A construction company from Bethesda has been recommended to receive a contract worth up to $9.4 million to build a baseball stadium in the District, a high-stakes project with a tight 21/2-year schedule.

Clark Construction Group LLC, whose portfolio includes FedEx Field, MCI Center and the Washington Convention Center, was rated the best of the three companies that submitted bids, according to a memo prepared by Allen Y. Lew, chief executive of the D.C. Sports and Entertainment Commission.

In the memo addressed to commission Chairman Mark H. Tuohey, Lew asked for permission to enter into a contract with Clark. However, the 10-member commission board, originally scheduled to vote today, has delayed its decision until Friday.

Commission sources said yesterday that Lew was revising his memo and noted that the board could elect to choose a different company. Lew declined to comment when reached last night.

"Nothing is official until we discuss it and decide," Tuohey said. "We had three good candidates with three good presentations and good data, and we have to look at this very thoroughly and make our best judgment."

The selection of a construction company is the final major step to completing the team that will design and build the ballpark for the Washington Nationals along the Anacostia waterfront.

Hellmuth, Obata & Kassabaum Sport of Kansas City, Mo., has been selected as the lead architectural firm for the project, along with local partner Devrouax & Purnell. Within the next few weeks, District officials will begin trying to buy land from private owners on a 20-acre site near South Capitol Street and the Navy Yard in Southeast. Officials have said they intend to have control of the site by the end of the year and begin construction in March, leaving two years to complete the project.

Clark teamed with Hunt Construction Group and Smoot Construction Co. for its bid on the stadium. According to rankings prepared by a panel of commission officials and outside consultants, the group edged out Turner Construction Co. of New York, which teamed with Guilford Construction. A joint bid from Barton Malow Co., Whiting-Turner Contracting Co. and Essex Construction came in third.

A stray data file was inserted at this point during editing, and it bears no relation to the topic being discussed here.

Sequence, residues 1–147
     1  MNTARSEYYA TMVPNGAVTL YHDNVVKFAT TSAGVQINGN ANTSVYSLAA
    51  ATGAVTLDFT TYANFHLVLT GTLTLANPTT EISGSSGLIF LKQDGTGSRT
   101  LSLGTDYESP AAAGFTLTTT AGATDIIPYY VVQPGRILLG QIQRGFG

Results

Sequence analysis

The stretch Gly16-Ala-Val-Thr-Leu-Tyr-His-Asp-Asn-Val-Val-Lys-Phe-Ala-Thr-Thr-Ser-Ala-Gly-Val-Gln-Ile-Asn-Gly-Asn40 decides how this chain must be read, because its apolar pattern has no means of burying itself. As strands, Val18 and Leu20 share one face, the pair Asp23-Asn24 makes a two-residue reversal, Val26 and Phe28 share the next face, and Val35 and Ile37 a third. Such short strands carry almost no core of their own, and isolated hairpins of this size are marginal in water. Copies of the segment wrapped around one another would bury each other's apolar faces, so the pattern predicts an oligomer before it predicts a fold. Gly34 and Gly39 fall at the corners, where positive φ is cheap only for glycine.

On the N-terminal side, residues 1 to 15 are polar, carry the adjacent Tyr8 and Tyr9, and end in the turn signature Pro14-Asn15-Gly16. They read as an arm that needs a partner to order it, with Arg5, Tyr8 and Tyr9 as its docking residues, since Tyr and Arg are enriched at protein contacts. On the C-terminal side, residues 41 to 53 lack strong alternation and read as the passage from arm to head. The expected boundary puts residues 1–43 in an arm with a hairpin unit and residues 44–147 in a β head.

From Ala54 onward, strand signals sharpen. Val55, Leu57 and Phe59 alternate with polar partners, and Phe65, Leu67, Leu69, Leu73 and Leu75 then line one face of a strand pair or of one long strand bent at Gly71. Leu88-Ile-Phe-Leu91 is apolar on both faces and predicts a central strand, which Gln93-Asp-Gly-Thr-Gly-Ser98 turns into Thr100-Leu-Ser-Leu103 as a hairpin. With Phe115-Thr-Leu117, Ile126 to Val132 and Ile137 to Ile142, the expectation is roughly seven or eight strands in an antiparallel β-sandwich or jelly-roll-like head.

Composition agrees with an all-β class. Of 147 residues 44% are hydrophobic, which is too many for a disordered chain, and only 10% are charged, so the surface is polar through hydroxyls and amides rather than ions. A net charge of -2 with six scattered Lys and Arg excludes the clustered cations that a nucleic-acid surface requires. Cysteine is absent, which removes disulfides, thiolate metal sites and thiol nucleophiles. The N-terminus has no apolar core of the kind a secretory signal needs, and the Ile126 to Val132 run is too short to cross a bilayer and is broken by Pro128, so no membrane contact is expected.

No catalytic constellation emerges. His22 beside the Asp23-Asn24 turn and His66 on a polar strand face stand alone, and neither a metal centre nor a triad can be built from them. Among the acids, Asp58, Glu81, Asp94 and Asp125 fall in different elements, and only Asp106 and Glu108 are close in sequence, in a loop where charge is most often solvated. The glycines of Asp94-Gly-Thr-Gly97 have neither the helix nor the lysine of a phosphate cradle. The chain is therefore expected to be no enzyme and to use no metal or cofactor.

Lew worked closely with Clark on the convention center, a massive project for which Lew served as managing director before taking over the sports commission last fall.

According to Lew's memo, a four-member panel interviewed the companies June 30 and July 1. Lew also was present at each interview. The companies were judged on seven criteria: experience, key employees, a management plan, fees, an understanding of the construction schedule, a completion guarantee and promises to use local, minority subcontractors.

Lew's memo stated that the Clark-Hunt-Smoot proposal was judged superior in four categories. Combined, the firms have worked on 15 major league baseball stadiums since 1990. Ten of those projects included HOK Sport as architect.

The lobbying to win the project has been fierce.

"All three of the offerors could build the new ballpark as they are all experienced and competent construction managers," Lew's memo stated.

A message left for Clark officials was not returned last night.

Clark has experience building professional sports facilities under tight time constraints. It completed the Washington Redskins' FedEx Field in 17 months, for example. It also has worked on sports arenas in the District in cramped, urban spaces, such as MCI Center near Gallery Place.

Turner Construction also has worked on local sports facilities, including the recent $18.4 million renovation of Robert F. Kennedy Memorial Stadium for the Nationals.